I didn't plan it this way, but I did October in the fall, and War in the winter. So War still calls up winter for me. The way Lillywhite recorded Larry, that bit of an echo or a space, sounds like winter to me. Like the way Like a Song starts.

I loved the military sound juxtaposed with love. I trusted the screaming.

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Codeguy

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Re: When U2 released ... WAR
« Reply #4 on: April 13, 2020, 09:31:21 PM »
WOW, I have a story about WAR, but it's too long for right now. My first U2 album.
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Twilight

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Re: When U2 released ... WAR
« Reply #5 on: April 14, 2020, 12:35:52 AM »
I was a wee one, 6 years old. They weren't part of my world yet.

I met War in 1991, before Achtung Baby. I don't know why, but it was the last album in the back catalog I worked on. I had already done UABRS in 1990, and I think if I were older, UABRS might have been my gateway drug.

I didn't plan it this way, but I did October in the fall, and War in the winter. So War still calls up winter for me. The way Lillywhite recorded Larry, that bit of an echo or a space, sounds like winter to me. Like the way Like a Song starts.

I loved the military sound juxtaposed with love. I trusted the screaming.

Interesting, I've always associated it with winter too, but in my case I think it's because of New Year's Day.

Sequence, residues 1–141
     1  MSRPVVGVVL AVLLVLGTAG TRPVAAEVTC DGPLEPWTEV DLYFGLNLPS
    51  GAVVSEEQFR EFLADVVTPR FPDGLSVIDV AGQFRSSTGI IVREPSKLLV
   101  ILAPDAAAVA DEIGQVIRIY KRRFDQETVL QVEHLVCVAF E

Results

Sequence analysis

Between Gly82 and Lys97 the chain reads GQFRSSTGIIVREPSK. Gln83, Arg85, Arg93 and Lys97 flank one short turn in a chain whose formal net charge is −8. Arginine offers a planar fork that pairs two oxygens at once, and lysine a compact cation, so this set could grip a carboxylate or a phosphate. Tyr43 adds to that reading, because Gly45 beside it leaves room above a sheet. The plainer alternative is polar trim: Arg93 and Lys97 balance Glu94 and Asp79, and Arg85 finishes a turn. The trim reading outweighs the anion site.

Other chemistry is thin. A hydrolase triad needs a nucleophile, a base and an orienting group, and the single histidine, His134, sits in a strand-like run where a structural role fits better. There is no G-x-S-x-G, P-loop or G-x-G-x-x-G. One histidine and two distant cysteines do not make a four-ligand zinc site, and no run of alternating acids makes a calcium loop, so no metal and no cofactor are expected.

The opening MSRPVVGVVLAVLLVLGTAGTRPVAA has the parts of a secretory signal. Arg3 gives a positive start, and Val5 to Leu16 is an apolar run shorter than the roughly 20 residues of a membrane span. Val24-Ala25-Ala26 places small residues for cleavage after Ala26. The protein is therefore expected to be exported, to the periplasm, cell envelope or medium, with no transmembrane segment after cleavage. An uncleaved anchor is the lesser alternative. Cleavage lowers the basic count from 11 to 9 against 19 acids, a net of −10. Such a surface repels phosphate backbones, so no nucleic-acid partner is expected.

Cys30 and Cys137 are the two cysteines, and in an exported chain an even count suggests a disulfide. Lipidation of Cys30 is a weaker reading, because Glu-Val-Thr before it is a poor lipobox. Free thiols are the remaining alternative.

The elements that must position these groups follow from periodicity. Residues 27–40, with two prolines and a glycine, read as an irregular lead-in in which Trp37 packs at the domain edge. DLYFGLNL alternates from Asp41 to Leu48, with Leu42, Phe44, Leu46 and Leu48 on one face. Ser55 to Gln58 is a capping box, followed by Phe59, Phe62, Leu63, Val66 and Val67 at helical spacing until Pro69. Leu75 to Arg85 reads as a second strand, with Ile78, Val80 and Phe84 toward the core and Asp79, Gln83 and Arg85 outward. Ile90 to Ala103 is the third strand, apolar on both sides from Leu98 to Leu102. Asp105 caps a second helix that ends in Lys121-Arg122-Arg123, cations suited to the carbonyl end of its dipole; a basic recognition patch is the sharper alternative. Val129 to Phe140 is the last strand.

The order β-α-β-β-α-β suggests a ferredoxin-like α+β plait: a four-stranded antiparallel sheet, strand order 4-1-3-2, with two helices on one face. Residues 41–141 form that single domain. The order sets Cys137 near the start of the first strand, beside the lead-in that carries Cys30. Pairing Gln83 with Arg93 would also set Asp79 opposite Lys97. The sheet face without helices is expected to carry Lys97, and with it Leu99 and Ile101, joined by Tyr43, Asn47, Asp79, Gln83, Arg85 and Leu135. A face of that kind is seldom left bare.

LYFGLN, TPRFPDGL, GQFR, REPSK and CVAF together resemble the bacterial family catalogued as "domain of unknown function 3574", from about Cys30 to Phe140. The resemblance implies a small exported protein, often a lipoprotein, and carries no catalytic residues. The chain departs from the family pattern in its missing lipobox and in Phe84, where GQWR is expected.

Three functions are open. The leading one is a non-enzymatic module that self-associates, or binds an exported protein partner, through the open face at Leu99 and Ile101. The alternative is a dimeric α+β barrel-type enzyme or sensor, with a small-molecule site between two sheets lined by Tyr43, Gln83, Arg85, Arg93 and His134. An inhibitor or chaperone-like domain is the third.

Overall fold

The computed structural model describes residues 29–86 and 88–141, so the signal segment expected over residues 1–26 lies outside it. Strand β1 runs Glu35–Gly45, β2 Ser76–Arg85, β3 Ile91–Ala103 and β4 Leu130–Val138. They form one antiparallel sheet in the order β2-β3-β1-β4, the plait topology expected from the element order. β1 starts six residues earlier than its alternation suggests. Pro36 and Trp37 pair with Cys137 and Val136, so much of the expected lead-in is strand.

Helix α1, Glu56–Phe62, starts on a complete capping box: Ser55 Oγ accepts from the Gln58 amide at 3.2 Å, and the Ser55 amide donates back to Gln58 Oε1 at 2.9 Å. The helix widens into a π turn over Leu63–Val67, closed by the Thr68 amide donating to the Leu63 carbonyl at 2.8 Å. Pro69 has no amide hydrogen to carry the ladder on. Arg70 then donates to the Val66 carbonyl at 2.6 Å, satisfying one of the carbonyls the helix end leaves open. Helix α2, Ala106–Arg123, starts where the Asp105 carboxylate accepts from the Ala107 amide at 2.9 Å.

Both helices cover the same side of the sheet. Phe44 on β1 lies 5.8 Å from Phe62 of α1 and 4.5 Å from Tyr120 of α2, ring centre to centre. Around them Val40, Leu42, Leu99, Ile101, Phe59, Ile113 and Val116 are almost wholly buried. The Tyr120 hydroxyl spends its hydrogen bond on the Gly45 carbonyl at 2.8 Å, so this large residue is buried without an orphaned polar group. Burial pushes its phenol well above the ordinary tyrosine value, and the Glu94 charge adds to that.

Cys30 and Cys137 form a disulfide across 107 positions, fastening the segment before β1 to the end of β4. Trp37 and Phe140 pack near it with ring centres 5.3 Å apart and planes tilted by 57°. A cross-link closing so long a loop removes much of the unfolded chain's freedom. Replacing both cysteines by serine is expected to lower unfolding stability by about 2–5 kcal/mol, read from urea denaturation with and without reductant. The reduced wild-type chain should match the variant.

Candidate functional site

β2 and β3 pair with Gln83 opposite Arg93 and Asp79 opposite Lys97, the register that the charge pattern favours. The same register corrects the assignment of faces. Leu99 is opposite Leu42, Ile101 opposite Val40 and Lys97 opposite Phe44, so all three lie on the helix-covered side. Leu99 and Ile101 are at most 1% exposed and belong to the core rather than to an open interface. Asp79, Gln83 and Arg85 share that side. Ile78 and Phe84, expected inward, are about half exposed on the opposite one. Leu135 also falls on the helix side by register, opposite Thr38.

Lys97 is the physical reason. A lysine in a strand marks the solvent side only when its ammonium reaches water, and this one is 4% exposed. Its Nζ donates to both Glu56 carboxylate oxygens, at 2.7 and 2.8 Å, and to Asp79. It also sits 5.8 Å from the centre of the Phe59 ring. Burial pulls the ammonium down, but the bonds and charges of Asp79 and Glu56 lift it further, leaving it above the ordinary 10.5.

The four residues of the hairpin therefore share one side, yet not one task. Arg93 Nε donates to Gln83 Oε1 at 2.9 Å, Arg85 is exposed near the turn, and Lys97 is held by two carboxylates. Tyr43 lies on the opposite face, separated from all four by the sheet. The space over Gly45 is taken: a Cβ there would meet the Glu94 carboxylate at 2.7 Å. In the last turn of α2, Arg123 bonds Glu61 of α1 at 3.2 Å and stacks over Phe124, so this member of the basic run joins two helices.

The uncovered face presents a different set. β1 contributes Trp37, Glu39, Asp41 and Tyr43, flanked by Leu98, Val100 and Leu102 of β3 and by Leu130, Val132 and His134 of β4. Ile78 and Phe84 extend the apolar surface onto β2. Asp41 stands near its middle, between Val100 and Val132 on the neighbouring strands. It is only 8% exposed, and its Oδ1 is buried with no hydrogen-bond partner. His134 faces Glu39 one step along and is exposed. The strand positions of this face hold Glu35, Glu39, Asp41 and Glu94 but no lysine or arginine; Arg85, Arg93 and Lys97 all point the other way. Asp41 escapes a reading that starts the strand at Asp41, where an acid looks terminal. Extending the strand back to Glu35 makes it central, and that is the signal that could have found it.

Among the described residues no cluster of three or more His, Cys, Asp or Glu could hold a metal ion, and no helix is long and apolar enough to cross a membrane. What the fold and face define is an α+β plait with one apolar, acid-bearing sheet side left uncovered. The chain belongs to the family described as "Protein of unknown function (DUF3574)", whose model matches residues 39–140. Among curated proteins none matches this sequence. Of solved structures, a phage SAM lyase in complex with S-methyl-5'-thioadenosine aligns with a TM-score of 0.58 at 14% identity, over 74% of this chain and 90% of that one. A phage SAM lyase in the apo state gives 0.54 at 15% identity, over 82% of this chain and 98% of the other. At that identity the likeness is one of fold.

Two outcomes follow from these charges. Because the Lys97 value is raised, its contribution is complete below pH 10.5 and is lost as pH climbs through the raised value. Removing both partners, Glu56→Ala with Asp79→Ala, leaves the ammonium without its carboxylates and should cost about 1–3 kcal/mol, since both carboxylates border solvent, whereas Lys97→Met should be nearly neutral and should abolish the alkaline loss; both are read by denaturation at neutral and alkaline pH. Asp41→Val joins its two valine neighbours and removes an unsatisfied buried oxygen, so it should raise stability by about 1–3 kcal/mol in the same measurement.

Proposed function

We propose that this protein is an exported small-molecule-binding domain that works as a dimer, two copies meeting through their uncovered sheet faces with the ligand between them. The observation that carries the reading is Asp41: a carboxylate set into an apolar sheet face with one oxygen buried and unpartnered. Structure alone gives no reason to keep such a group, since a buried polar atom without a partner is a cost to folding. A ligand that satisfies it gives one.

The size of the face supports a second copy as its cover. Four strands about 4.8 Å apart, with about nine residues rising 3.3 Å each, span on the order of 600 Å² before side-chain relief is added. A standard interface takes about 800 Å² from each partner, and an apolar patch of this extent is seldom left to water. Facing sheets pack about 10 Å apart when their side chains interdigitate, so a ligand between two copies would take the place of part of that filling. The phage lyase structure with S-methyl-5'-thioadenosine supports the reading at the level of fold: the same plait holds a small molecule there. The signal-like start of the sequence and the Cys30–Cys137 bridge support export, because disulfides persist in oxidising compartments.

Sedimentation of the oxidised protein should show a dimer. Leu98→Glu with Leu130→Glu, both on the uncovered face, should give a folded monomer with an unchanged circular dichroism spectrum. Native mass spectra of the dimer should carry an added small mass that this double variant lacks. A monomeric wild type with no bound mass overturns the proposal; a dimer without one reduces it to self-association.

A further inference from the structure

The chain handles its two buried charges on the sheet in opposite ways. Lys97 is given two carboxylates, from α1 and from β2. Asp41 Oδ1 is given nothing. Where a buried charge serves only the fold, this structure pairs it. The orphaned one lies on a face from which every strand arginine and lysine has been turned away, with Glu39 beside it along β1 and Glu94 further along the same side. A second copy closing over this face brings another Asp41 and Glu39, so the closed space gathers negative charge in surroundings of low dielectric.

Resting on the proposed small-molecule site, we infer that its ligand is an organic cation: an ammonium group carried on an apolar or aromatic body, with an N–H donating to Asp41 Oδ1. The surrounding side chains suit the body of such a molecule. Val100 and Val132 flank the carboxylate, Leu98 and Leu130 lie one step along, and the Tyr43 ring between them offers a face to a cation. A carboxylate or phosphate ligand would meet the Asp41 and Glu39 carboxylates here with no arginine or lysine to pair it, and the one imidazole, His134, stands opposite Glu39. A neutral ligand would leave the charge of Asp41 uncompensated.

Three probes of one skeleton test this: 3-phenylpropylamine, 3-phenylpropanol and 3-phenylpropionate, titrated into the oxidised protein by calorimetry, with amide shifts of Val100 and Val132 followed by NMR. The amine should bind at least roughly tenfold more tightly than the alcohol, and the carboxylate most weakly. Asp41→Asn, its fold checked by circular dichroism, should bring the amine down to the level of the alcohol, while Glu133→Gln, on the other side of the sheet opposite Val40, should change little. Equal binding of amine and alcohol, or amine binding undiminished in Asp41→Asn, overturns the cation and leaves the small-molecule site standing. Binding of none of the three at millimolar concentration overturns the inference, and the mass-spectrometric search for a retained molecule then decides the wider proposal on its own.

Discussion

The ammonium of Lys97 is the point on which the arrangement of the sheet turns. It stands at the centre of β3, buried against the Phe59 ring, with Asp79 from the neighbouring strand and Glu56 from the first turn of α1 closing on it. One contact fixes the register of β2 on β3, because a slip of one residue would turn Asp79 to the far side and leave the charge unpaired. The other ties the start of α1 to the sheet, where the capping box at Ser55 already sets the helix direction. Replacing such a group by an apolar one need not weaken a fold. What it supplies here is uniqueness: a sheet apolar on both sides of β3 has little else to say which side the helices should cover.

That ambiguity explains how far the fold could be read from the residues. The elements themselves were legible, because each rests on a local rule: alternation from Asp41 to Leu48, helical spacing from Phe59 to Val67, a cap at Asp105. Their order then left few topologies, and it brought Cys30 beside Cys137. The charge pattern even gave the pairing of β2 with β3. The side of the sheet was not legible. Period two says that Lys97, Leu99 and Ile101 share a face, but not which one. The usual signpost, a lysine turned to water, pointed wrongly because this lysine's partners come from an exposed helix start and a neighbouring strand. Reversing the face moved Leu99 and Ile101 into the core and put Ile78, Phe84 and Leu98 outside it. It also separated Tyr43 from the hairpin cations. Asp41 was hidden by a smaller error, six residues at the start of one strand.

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The Edges Cat

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Re: When U2 released ... WAR
« Reply #6 on: April 14, 2020, 12:54:35 AM »
Watching Return of the Jedi for the hundredth time. And discovering Krull on VHS.
The Edge: “[Eno] would love to see us making albums a bit more like [Zooropa]. Where we go, ‘You know what? We’re not going to second-guess any of this. Let’s just go for it.’”

U2 Fans: We'd all love to see that, Edge.

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guest532

Re: When U2 released ... WAR
« Reply #7 on: April 14, 2020, 04:16:44 AM »
Watching Return of the Jedi for the hundredth time.

I only saw it once.  I was collecting the figures though.


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Marvinho

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Re: When U2 released ... WAR